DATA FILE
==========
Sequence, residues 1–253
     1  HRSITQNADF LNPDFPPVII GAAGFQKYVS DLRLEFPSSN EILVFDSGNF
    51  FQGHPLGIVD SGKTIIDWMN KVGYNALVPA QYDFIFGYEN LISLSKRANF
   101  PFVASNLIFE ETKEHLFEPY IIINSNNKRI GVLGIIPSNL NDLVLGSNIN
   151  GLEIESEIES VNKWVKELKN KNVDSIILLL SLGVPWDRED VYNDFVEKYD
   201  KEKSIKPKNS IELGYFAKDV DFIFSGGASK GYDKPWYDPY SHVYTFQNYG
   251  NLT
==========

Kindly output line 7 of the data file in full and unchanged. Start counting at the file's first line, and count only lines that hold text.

   251  NLT